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Synthetic brain rhythms | Scientists used optogenetic stimulation to induce slow brain rhythms in vivo

August 21, 2018: Researchers from the Bernstein Center Freiburg and the Massachusetts Institute of Technology used an innovative optogenetic stimulation paradigm to evoke synthetic brain rhythms in vivo. In contrast to conventional optogenetic stimulations protocols that rely on light pulses, this protocol employed continuously modulating light intensities to mimic normal brain rhythms using a new implant. These findings have recently been published in Journal of Neural Engineering, and open up possibilities to cell-specifically dissect the neuronal circuits underlying pathological and physiological slow brain oscillations.

Synthetic brain rhythms | Scientists used optogenetic stimulation to induce slow brain rhythms in vivo

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Rhythmic changes of activity in large groups of neurons are a prominent feature of the brain. These brain rhythms are involved in sensory processing, spatial navigation and memory formation but can also indicate pathological brain states like Parkinson's disease or epilepsy. The mechanisms underlying these oscillations, in particular the contribution of individual neuron populations, are not yet fully understood. Modifying theses rhythms by targeting specific neuron populations will help to develop a mechanistic understanding of brain rhythms – and how to interfere with them.

With the invention of optogenetics, it became feasible to activate or deactivate genetically modified nerve cells in living systems by light. This is commonly done by light pulses. Antje Kilias, PhD student at the Bernstein Center Freiburg, the Cluster of Excellence BrainLinks – BrainTools and the Dept. of Microsystems Engineering, University of Freiburg, and her colleagues Andres Canales and Ulrich Froriep from the Massachusetts Institute for Technology have now developed a stimulation protocol that is based on using constantly modulating light intensities. The oscillating light input mimics the fluctuating currents that could underlie slow brain rhythms.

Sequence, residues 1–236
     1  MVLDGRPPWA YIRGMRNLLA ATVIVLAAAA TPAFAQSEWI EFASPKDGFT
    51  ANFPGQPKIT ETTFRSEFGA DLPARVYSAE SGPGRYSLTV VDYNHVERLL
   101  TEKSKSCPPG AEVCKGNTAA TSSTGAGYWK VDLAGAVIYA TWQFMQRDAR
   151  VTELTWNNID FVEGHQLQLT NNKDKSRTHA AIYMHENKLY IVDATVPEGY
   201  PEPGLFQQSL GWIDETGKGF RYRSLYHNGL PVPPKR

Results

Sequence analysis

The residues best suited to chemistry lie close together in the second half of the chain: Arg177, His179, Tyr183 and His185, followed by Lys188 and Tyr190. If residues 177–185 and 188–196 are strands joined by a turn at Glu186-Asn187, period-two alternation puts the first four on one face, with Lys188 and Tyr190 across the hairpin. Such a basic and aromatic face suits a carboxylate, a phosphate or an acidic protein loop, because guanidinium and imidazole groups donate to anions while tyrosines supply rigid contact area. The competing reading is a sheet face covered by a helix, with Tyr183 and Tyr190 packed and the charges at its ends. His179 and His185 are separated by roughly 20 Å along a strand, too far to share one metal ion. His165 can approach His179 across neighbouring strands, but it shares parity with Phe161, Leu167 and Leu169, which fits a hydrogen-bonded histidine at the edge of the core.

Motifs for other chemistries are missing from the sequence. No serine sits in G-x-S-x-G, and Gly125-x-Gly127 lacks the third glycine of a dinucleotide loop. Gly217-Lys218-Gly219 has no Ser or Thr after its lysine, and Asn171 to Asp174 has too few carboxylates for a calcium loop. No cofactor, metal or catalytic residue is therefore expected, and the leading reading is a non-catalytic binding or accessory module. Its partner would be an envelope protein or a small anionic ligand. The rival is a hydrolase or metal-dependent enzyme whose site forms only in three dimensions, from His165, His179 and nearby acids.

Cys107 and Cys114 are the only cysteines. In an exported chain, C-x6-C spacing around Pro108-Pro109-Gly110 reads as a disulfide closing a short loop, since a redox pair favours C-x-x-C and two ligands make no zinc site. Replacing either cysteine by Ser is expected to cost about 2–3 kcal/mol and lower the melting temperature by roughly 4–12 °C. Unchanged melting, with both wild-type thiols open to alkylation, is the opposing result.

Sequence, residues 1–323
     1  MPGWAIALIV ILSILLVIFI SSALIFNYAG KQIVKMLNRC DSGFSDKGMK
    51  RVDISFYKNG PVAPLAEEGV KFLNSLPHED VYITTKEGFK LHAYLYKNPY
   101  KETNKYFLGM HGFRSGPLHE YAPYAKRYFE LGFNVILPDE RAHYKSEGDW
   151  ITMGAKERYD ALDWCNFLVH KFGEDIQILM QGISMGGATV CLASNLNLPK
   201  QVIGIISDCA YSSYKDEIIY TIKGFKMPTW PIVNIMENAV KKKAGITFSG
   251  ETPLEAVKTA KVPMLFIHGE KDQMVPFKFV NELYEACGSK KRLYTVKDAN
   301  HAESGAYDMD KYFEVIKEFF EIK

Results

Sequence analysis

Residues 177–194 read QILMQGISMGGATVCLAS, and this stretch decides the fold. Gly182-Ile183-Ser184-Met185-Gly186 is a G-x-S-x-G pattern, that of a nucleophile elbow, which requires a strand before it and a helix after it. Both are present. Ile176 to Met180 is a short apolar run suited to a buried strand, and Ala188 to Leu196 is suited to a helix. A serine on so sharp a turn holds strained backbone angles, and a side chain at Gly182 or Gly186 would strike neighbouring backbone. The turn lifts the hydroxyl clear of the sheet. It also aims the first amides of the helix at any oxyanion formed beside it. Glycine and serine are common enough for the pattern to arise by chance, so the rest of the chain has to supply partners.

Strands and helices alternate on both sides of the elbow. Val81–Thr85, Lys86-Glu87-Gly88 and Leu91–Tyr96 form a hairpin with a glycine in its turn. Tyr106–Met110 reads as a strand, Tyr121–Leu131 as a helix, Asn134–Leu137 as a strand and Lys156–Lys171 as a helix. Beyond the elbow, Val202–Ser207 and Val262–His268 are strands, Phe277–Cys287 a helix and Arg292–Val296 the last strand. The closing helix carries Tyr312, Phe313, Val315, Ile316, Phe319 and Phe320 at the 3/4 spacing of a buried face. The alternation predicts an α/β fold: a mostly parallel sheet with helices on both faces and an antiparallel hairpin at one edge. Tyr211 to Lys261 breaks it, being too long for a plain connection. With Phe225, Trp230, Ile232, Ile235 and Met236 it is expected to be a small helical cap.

To realize this they developed a new fiber probe that permits to send light into the brain tissue as well as to simultaneously record the electrical neuronal response to the stimulation. “The ability to interfere with brain rhythms in a cell and frequency specific manner could support the improvement of stimulation strategies against pathological neuronal oscillations or help to elucidate the fundamental mechanisms of neuronal oscillations,” Antje Kilias concludes.

Figure Capture
Multi-functional flexible fiber-probes combine optical stimulation and electrical recording features in a single miniaturized device (tow row). We employed these devices to apply sinusoidal light stimulation (blue trace) to light-sensitive hippocampal neurons and record from the stimulated neuron population. We reliably evoked hippocampal network rhythms (red trace) by this stimulation paradigm.

Original publication
Kilias, A.*, Canales, A.*, Froriep, U.*, Park, S., Egert, U., Anikeeva, P. (2018) Optogenetic entrainment of neural oscillations with hybrid fiber probes. Journal of Neural Engineering

Bernstein Center Freiburg
University of Freiburg
Hansastr. 9a
79104 Freiburg

University of Freiburg

Biomicrotechnology, Dept. of Microsystems Engineering
Faculty of Engineering
Georges-Köhler-Allee 102
79110 Freiburg

Antje Kilias
Tel.: +49 (0)761 203 7523
E-mail: kilias@bcf.uni-freiburg.de

Prof. Dr. Ulrich Egert
Tel.: +49 (0)761 203-7524
E-mail: egert@imtek.uni-freiburg.de

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